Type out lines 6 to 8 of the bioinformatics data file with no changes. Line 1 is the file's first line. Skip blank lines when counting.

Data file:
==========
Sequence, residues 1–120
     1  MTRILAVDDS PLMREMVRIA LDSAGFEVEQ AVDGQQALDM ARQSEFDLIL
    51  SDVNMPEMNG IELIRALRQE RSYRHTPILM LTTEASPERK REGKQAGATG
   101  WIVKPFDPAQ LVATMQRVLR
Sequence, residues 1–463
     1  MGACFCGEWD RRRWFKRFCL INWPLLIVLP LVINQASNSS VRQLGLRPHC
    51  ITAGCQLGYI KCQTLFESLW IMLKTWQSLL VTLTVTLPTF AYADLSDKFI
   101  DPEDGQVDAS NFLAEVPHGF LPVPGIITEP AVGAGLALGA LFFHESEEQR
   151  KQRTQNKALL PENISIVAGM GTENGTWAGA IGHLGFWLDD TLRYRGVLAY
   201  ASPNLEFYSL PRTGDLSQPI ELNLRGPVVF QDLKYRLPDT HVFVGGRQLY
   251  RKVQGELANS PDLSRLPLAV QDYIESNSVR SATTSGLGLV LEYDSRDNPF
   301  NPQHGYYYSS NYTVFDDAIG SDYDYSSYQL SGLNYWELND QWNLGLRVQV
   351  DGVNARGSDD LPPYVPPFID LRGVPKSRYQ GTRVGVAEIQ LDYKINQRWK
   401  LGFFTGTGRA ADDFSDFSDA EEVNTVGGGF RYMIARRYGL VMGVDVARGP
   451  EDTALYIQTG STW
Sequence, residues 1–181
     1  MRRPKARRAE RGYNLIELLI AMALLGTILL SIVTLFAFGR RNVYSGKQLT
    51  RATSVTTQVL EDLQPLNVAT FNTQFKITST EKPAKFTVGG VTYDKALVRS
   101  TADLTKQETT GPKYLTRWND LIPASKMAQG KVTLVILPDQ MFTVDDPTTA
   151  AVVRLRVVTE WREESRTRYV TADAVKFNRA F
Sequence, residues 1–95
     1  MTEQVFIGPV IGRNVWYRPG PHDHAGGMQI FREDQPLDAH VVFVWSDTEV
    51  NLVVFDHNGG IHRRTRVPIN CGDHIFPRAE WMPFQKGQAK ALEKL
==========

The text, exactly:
     1  MGACFCGEWD RRRWFKRFCL INWPLLIVLP LVINQASNSS VRQLGLRPHC
    51  ITAGCQLGYI KCQTLFESLW IMLKTWQSLL VTLTVTLPTF AYADLSDKFI
   101  DPEDGQVDAS NFLAEVPHGF LPVPGIITEP AVGAGLALGA LFFHESEEQR